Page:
This week’s Fast Focus question is “How do you decide who to vote for?” I’d suggest broadening the question to “How do you decide who and what to vote for.” The 2014 November ballot will have three state measures, two advisory votes and four propositions on it. In my opinion, people are not as well informed about these voting choices as they are about the choices they make about candidates, even though state measures/propositions may have significant implications for the future. For example, November’s ballot will have two diametrically opposed measures on it, Initiatives 594 and 591. I-594 seeks to keep guns out of the hands of criminals and the mentally ill by closing the gun show loophole. I-591 was crafted in reaction to I-594. It would prevent Washington from deciding its own gun laws. Gun control is one of the most contentious issues in the nation, and these ballot measures have created a f lurry of misleading advertisements. The best way for voters to make a choice is to go directly to the official measure and read it. You’ll find this information on the Benton County Voters Guide at https://wei.sos.wa.gov/county/benton/en/Elections/voterinformation/Pages/Online-Voters-Guide.aspx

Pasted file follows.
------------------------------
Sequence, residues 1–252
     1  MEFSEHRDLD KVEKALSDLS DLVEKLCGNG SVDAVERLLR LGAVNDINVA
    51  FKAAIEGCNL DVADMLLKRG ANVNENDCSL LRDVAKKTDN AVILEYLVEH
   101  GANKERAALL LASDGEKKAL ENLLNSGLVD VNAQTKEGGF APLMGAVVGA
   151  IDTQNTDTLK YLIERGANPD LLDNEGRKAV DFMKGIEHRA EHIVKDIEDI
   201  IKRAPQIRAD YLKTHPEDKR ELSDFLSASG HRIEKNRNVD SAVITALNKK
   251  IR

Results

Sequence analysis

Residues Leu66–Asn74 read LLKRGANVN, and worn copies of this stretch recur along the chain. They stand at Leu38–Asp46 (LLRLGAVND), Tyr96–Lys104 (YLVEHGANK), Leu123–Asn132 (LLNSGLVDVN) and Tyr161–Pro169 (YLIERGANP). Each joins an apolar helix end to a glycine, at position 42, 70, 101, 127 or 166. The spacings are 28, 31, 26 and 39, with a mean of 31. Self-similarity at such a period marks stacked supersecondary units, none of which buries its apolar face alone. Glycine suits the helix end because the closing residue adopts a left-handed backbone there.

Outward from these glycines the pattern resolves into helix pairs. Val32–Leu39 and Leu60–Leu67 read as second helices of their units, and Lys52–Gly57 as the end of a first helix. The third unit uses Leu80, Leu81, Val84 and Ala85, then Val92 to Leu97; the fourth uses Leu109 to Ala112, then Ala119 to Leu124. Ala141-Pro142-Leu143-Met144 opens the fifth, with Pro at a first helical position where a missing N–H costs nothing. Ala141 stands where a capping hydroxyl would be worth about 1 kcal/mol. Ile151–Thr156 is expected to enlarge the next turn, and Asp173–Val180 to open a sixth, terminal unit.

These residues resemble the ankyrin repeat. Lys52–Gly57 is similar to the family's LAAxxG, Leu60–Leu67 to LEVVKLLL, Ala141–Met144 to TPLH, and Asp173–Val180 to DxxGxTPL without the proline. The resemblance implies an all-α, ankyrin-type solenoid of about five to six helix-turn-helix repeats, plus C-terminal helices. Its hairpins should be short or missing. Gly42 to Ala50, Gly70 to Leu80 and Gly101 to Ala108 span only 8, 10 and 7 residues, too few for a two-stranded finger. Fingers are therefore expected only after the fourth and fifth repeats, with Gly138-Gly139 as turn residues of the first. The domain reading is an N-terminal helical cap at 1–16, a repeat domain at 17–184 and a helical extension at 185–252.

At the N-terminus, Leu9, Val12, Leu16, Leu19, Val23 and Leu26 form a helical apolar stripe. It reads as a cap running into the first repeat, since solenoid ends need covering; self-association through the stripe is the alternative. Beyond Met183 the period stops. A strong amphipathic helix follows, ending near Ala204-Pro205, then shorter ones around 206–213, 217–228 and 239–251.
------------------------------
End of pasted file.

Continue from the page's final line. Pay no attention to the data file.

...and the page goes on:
Making your choice for candidates is less straight forward. It requires more research, going back several years to find what a candidate has accomplished that qualifies him/her for the position they seek, and reflecting on how a candidate’s positions on key issues map to your own. Unfortunately, you can’t just go on what a candidate says. It’s always more revealing to look at what they’ve actually done. This is harder to do when a candidate doesn’t have a voting record, so examining the organizations to which they belong, including NGOs, their community service, and other public activities helps define who they are. When choosing a candidate for office, just remember, “Actions speak louder than words.”
Finally, whatever you do, vote!
RICHARD BADALAMENTE, Kennewick